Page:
The surface of the tempered glass sheet is penetrated by the laser beam upon being subjected to the continuing pulses of the laser beam, the laser preferably impinging the glass perpendicular to the glass surface. By penetration is meant a process whereby a small amount of the glass is obliterated by the laser energy. Thus, a bore increasingly penetrates the compression layer near a major surface of the tempered glass sheet during each penetration by a laser pulse. While not wishing to be bound by any particular theory regarding the mechanism by which the pulses of the laser beam in of the present invention cause the tempered glass sheet to shatter, it is believed that the laser beam penetration (boring) into the tempered glass causes the glass sheet to shatter spontaneously when the bore has penetrated through the compression layer of the tempered glass sheet to the interface between the compression and tension layer.

The inventive process requires that the surface of the tempered glass sheet be penetrated by the pulses of the laser beam until the tempered glass sheet shatters. The invention process then requires comparing the number of pulses required for the tempered glass sheet to shatter to data developed which comprises a plot of tensile membrane stress v. compressive layer thickness as a % of the total thickness of the tempered glass sheet.

The data developed to correlate the number of laser beam pulses required to shatter the tempered glass sheet with (1) the % thickness of the compression layers and tension layers and (2) the tensile stress is developed by means of a scheme, an embodiment of which is now described. Samples of tempered glass of the same composition and thickness as the tempered glass sheet to be evaluated for temper properties according to the present invention are provided. The stress imbalances (i.e., the total of the tensile and compressive stresses across the total glass thickness) of such samples of tempered glass having various such imbalances and thickness are measured as by means of instruments used in the industry to measure the stress imbalance in glass sheets. Exemplary of such instruments are edge stress devices as that manufactured by Strain Optics Technology or other devices like quartz wedge meters. Since these operate on the principle of light passing through the tempered glass, the glass samples may not include a paint thereon. Still other instruments for measuring stress imbalance can be employed and are well known to those skilled in the art. In order to assemble plots to determine temper quality according to the present invention, stress imbalance tests are performed on the glass samples having a variety of stress imbalances, i.e., from about 900 to 8100 psi. The difference in stress imbalance can be created by subjecting the glass samples to different tempering process parameters. The various samples having these different stress imbalances are then subjected to laser pulses until each shatters, the pulses (and parameters of the laser) being recorded. The laser parameter may be those described above for determining the temper quality of the tempered glass sheet according to the invention process.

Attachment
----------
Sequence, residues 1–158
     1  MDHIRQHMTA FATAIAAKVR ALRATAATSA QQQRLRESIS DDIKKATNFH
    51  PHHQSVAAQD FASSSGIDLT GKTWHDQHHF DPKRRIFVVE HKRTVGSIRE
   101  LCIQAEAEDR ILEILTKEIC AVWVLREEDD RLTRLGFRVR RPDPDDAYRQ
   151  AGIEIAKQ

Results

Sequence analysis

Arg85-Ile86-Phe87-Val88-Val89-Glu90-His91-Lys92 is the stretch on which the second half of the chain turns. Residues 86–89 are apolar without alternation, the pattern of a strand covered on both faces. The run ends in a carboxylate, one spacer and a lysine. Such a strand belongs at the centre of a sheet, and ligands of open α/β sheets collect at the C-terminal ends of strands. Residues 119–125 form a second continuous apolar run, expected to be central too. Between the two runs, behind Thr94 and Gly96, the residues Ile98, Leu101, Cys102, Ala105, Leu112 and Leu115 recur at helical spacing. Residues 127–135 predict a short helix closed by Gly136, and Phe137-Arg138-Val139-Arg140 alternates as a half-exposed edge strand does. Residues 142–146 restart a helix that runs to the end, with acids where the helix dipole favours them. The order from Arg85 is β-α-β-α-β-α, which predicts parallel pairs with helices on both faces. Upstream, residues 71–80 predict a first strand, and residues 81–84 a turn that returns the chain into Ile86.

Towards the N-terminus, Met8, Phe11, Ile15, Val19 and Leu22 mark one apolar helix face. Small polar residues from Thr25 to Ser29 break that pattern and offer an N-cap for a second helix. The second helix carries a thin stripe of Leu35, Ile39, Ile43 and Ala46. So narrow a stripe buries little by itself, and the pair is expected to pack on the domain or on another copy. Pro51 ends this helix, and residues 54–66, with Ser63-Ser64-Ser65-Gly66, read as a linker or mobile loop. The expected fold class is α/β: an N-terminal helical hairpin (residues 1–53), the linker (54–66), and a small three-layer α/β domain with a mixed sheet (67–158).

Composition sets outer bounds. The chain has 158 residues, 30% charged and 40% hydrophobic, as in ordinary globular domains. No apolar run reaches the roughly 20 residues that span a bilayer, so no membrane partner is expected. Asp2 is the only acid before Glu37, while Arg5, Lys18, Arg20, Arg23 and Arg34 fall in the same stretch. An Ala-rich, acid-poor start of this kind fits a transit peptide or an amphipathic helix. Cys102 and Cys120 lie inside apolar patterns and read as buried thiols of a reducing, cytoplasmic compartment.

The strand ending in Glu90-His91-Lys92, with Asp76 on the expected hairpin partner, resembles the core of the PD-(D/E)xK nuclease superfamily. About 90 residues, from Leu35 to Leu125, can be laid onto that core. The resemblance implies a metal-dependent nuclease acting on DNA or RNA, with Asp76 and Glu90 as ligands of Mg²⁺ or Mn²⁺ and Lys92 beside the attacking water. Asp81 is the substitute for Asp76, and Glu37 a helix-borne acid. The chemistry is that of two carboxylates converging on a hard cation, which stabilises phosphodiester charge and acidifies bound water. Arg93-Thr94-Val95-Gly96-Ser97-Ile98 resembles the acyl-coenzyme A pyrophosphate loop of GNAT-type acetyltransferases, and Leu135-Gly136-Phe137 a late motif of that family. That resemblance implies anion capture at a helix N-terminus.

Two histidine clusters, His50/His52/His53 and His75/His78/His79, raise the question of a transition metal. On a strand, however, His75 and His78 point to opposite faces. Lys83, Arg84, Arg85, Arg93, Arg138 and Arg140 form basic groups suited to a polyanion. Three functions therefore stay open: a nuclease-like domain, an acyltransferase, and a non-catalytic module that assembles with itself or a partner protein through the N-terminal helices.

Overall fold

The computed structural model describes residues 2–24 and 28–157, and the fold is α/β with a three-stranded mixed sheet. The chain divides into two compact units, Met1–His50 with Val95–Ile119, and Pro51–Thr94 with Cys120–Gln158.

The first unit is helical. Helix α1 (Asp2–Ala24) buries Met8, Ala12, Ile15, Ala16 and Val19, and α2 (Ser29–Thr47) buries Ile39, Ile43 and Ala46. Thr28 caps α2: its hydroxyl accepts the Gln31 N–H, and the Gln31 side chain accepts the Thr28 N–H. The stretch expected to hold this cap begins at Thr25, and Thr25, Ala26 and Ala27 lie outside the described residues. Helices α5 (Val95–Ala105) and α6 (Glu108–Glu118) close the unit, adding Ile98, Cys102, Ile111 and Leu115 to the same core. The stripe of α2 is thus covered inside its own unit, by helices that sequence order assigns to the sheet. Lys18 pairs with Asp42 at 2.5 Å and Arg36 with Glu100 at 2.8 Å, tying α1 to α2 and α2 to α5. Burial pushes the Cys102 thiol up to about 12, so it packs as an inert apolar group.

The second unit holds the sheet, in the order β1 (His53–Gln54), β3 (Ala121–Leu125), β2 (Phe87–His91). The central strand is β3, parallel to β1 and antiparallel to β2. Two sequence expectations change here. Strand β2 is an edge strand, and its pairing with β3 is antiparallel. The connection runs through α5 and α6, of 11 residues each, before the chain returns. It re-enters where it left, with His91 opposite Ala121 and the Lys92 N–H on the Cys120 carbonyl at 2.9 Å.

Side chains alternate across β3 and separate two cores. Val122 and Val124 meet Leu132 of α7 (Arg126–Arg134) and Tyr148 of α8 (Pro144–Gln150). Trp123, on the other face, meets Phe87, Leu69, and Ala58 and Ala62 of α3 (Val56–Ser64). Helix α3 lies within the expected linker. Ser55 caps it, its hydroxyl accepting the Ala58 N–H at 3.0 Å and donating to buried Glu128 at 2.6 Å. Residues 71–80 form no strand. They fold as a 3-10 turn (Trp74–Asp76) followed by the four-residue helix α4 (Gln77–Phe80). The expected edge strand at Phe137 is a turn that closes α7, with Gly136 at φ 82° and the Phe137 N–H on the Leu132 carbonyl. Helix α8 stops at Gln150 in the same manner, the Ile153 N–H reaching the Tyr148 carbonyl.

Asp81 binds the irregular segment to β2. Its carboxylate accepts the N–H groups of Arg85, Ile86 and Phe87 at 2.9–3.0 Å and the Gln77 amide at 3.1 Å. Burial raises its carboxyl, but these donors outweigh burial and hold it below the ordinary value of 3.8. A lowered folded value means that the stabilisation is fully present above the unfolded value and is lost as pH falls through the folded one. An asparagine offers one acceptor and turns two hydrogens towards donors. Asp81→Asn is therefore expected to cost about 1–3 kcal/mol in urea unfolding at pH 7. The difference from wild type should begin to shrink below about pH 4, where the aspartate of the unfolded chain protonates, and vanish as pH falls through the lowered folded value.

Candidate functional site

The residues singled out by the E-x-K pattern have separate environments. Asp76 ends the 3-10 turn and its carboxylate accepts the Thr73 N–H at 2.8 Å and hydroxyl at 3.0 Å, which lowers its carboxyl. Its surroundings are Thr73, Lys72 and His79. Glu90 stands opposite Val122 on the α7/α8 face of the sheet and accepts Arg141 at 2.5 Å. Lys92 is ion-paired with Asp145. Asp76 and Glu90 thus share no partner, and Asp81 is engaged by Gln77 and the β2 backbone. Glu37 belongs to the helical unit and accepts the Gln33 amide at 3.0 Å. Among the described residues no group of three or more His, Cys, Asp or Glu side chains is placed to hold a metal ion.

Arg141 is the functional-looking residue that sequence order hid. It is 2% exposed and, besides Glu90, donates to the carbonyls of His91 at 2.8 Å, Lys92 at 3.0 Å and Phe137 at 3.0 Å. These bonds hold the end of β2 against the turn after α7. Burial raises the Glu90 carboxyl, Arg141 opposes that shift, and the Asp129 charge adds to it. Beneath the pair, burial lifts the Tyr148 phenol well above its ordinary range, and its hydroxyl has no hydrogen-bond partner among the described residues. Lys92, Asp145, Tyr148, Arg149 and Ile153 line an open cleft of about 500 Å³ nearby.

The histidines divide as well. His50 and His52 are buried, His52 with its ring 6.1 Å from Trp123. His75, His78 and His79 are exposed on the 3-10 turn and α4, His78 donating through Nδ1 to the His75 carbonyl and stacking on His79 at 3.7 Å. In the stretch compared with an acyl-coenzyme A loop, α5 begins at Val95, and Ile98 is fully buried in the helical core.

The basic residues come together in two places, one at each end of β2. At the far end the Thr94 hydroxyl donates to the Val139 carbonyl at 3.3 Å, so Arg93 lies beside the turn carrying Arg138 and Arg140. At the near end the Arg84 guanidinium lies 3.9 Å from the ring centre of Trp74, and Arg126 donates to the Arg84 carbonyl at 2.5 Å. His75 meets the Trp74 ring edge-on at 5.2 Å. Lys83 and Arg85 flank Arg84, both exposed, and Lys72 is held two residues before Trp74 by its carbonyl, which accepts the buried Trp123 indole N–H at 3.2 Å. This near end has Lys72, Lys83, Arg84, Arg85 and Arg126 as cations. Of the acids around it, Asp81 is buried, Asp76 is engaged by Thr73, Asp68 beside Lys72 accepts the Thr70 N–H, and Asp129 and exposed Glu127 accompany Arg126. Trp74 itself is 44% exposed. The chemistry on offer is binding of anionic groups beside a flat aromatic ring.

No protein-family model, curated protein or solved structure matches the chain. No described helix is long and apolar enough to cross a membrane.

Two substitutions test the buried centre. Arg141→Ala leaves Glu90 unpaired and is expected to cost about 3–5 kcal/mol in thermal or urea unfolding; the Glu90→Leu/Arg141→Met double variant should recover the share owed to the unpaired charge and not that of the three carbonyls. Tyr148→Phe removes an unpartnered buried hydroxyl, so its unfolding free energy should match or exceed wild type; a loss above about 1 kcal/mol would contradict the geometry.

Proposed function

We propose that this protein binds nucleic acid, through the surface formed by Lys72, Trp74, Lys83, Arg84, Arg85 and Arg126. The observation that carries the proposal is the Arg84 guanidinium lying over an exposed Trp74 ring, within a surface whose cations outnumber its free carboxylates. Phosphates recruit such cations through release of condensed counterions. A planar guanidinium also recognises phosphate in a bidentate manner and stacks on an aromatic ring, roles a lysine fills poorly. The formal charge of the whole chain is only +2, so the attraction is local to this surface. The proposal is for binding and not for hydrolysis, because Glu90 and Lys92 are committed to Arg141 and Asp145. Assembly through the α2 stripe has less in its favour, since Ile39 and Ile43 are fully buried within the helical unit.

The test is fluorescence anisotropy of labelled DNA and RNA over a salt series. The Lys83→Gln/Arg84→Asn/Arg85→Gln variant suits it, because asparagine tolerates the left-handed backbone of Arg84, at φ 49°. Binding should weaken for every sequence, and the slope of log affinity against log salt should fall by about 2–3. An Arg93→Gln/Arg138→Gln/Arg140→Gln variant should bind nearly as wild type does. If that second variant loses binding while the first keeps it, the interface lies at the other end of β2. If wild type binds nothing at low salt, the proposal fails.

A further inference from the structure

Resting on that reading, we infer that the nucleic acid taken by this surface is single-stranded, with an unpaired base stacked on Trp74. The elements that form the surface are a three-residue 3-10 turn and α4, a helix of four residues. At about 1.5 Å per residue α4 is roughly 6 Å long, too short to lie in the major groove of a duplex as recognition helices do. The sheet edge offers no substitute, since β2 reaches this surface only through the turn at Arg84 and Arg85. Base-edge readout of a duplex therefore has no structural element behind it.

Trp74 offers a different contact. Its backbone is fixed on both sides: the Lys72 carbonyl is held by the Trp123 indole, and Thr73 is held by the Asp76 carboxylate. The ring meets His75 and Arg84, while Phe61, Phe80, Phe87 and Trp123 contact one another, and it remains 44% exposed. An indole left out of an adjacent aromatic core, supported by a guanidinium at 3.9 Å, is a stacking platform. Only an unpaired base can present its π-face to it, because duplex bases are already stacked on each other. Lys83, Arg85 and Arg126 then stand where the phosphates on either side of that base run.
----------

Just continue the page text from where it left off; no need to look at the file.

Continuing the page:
Alternately, a single glass sheet sample could be used to develop the comparison data, the sample sheet having regions (as may be viewed through a polariscope) with island colors such as: yellow, orange, red, green, purple, or blue which identify areas with a variety of different and potentially undesirable high tensile membrane stress and low compression layer thickness. As mentioned above, to develop this comparison data the sample glass sheet would have the same thickness and composition as that tempered glass sheet to be evaluated for temper quality according to the method of this invention. These regions can be located on the sample glass sheet using a locating computer and then their corresponding information as to stress imbalance in each of these areas determined by the instruments discussed above. Such instruments are often capable of storing such information as would be desirable. These regions would subsequently be subjected to the pulses of the laser till the area shatters and such information is recorded, conveniently by a computer, along with region colors. Again, desirably the same laser parameters as to power, pulse length, and pulse interval would be used as in evaluating the tempered glass sheet for temper quality.